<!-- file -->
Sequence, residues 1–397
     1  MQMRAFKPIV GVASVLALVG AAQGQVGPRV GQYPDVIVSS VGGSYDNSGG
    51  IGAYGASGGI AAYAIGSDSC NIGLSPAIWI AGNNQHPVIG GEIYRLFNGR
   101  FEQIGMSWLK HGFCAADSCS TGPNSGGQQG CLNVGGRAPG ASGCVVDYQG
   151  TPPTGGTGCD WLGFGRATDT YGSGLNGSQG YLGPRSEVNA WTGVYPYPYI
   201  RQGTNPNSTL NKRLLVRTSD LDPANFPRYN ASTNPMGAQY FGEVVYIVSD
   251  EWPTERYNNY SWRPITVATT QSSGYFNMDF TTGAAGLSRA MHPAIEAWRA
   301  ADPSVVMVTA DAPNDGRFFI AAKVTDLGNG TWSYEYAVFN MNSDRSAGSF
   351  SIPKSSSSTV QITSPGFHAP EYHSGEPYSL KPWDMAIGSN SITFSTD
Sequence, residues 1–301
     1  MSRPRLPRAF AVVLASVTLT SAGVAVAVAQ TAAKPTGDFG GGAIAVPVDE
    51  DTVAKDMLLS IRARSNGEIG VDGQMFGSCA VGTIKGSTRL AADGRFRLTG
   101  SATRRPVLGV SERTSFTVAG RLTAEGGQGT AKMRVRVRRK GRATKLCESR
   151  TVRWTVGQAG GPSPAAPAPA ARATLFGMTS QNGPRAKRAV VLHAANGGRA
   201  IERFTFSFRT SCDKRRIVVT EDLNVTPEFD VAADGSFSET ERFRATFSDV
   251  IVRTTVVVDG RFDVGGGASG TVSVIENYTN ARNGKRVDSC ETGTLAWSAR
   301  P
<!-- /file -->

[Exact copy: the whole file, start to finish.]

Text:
Sequence, residues 1–397
     1  MQMRAFKPIV GVASVLALVG AAQGQVGPRV GQYPDVIVSS VGGSYDNSGG
    51  IGAYGASGGI AAYAIGSDSC NIGLSPAIWI AGNNQHPVIG GEIYRLFNGR
   101  FEQIGMSWLK HGFCAADSCS TGPNSGGQQG CLNVGGRAPG ASGCVVDYQG
   151  TPPTGGTGCD WLGFGRATDT YGSGLNGSQG YLGPRSEVNA WTGVYPYPYI
   201  RQGTNPNSTL NKRLLVRTSD LDPANFPRYN ASTNPMGAQY FGEVVYIVSD
   251  EWPTERYNNY SWRPITVATT QSSGYFNMDF TTGAAGLSRA MHPAIEAWRA
   301  ADPSVVMVTA DAPNDGRFFI AAKVTDLGNG TWSYEYAVFN MNSDRSAGSF
   351  SIPKSSSSTV QITSPGFHAP EYHSGEPYSL KPWDMAIGSN SITFSTD
Sequence, residues 1–301
     1  MSRPRLPRAF AVVLASVTLT SAGVAVAVAQ TAAKPTGDFG GGAIAVPVDE
    51  DTVAKDMLLS IRARSNGEIG VDGQMFGSCA VGTIKGSTRL AADGRFRLTG
   101  SATRRPVLGV SERTSFTVAG RLTAEGGQGT AKMRVRVRRK GRATKLCESR
   151  TVRWTVGQAG GPSPAAPAPA ARATLFGMTS QNGPRAKRAV VLHAANGGRA
   201  IERFTFSFRT SCDKRRIVVT EDLNVTPEFD VAADGSFSET ERFRATFSDV
   251  IVRTTVVVDG RFDVGGGASG TVSVIENYTN ARNGKRVDSC ETGTLAWSAR
   301  P